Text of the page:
While HIV infection rates are declining globally, the disease is spreading dramatically in Egypt. According to UNAIDS, HIV infections in the country are increasing at an annual rate of 25- 30%. An estimated 11,000 Egyptians were living with HIV as of 2016, most of them under 49.
“The 25-30% annual increase has been estimated by the number of people undergoing HIV testing and being diagnosed with the virus,” Ahmed Khamis, the country manager of UNAIDS Agency in Egypt, told Al-Monitor.
However, the real numbers could be much higher. Testing is still not common despite government efforts to provide free and anonymous HIV testing in governorates across Egypt. Fearing stigmatization, people are still reluctant to get tested for HIV, preferring not to know. At the root of the stigma is HIV's association with immoral behavior, such as illicit sexual relations and drug use.
“The problem is that there is an assumption that those who have HIV are drug users, homosexuals or sex workers, but this is not true. Those indeed could be the ones who are most at risk of contracting this virus. But they also have families — husbands, wives and children — who if infected are forced to live with this disease for the rest of their lives in a society that heavily discriminates against anybody living with HIV,” said Khamis.
In December 2017, Egypt Independent, one of Egypt’s English-language newspapers, reported that an Egyptian housewife committed suicide soon after discovering she had contracted HIV from her husband, who was a drug user. While initially trying to keep her HIV status a secret, the woman’s neighbors found out and forced her and her family to leave their home. The plan was to move in with her mother-in-law until they found another home, but the woman decided to climb the stairs to her apartment on the fifth floor and jump out the window.
While this story is tragic, it is by no means unique. People living with HIV fear not only discrimination from family and friends, but losing their jobs, homes and the right to live freely.
Sherin Mahmud, a 35-year-old HIV patient who contracted the virus from her husband's extramarital affairs, told The Arab Weekly that she decided to visit a dentist because she had a painful toothache. When she informed the dentist of her HIV status, he asked her to leave the clinic immediately.
“Some health care providers do not know how to deal with patients who have HIV,” said Evette Adel Ramzi, the head of HIV prevention at Caritas Egypt, a nongovernmental organization that provides support and counseling to people living with HIV. “This is why at Caritas we work with several hospitals to train physicians and nurses on how to deal with HIV patients. When any of our members need to see a physician, we send them to these hospitals to receive medical treatment in a discrimination-free environment.”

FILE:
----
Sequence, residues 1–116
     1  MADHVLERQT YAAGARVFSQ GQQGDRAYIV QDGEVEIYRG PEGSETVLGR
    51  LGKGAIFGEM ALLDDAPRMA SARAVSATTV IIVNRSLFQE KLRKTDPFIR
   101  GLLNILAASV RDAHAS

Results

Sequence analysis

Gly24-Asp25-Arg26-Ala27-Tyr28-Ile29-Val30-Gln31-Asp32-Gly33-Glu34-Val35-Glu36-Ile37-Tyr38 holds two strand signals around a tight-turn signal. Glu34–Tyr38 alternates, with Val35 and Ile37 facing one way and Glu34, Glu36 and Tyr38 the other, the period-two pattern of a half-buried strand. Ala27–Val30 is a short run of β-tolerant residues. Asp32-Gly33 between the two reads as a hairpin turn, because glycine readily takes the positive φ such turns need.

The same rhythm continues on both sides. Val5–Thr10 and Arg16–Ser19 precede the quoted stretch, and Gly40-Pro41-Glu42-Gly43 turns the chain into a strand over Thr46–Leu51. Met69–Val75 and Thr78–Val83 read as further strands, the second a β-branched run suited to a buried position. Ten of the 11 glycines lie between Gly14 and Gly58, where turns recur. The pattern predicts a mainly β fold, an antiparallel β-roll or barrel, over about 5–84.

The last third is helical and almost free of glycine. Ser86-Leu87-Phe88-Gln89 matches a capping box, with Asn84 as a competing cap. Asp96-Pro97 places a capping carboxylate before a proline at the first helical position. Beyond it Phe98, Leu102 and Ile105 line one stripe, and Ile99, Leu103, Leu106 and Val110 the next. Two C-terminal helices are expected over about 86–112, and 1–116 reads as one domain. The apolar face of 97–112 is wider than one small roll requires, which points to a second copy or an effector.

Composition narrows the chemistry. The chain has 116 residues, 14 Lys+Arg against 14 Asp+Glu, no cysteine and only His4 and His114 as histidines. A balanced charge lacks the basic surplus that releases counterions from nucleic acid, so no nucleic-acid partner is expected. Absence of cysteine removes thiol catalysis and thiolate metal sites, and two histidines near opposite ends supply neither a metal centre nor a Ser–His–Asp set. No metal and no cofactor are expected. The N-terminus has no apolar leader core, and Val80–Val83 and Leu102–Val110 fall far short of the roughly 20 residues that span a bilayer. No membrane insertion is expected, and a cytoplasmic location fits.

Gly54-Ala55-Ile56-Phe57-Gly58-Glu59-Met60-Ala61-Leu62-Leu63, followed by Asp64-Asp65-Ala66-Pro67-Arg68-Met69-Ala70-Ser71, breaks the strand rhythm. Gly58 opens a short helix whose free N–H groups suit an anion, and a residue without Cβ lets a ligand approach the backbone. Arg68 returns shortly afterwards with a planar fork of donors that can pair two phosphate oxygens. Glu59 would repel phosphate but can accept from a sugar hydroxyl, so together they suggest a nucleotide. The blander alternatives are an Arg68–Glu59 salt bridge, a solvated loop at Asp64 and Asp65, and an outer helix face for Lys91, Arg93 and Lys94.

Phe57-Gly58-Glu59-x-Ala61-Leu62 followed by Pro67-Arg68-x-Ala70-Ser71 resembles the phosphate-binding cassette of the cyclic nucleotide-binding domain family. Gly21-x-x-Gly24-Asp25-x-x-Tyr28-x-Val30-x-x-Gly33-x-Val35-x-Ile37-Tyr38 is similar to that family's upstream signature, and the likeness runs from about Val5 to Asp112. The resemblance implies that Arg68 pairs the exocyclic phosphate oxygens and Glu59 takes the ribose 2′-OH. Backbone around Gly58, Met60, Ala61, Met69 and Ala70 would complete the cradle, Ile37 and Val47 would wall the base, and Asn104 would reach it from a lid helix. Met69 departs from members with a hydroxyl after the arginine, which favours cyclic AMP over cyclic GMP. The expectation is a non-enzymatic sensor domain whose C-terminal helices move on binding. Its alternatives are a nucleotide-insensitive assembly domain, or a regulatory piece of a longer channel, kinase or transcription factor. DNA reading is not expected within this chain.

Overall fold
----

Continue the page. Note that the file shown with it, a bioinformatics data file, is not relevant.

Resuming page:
In addition to training medical practitioners, Caritas also has a number of programs dedicated to supporting people living with HIV, from counseling drug users on their addictions and safe injections to reconciling HIV patients with their families and teaching people how to adhere to their HIV treatment for life.
The National AIDS Program (NAP), an initiative of the Egyptian Ministry of Health, also has a number of programs in place to raise awareness on HIV prevention and treatment. But with funding running low, such outreach programs will struggle to keep running.
“Our concern is that we will not have enough financial support to continue,” Ramzi told Al-Monitor. Khamis is also worried about the lack of funding needed to invest in prevention and outreach programs. He explained that while the government has pledged to provide free treatment for people living with HIV to the tune of thousands of dollars for each patient, much needs to be done about prevention.
“In a country like Egypt, where there are a lot of development priorities, it is difficult to allocate a lot of funding for preventing HIV. … The international community and donors really need to step up and show commitment to preventing new infections,” said Khamis.
Having limited prevention programs at a time when there is a rising trend of new HIV infections will likely result in more Egyptians contracting the virus. “What will happen when we have zero coverage?” asked Khamis.
To date, Egypt ranks behind only Iran, Sudan and Somalia in the Middle East for the rate at which the epidemic is spreading, according to UN figures.
UNAIDS, NAP and the Ministry of Health have all run awareness campaigns involving celebrities and organized social events to increase awareness of HIV among Egyptian youth, but they are struggling to reach the country’s large population of 95 million.
One effective way of reaching them is through religious leaders. In a country where religious and conservative values are an integral part of everyday life, religious leaders can play an important role in preaching tolerance and acceptance of all people, including those diagnosed with HIV.
In a recent conference on AIDS, Islamic scholar and cleric Ali al-Jifri spoke about the stigma and discrimination surrounding HIV and AIDS patients. “A person diagnosed with HIV is still a human being. We should never judge them for their diagnosis,” he said in the conference. Priest Bolous Soror said in the same conference that Egyptians should accept others, regardless of their HIV status.
One thing is sure: To meet NAP’s goal of curbing HIV rates within five years, cooperation among civil society groups is key. “We all need to work together to decrease rates of HIV and to end the stigma of the virus. The more stigma there is, the more money is needed to overcome it. With the limited resources we have, civil society needs to work together to curb the spread of the virus that is threatening the lives of many Egyptians,” Ramzi told Al-Monitor.
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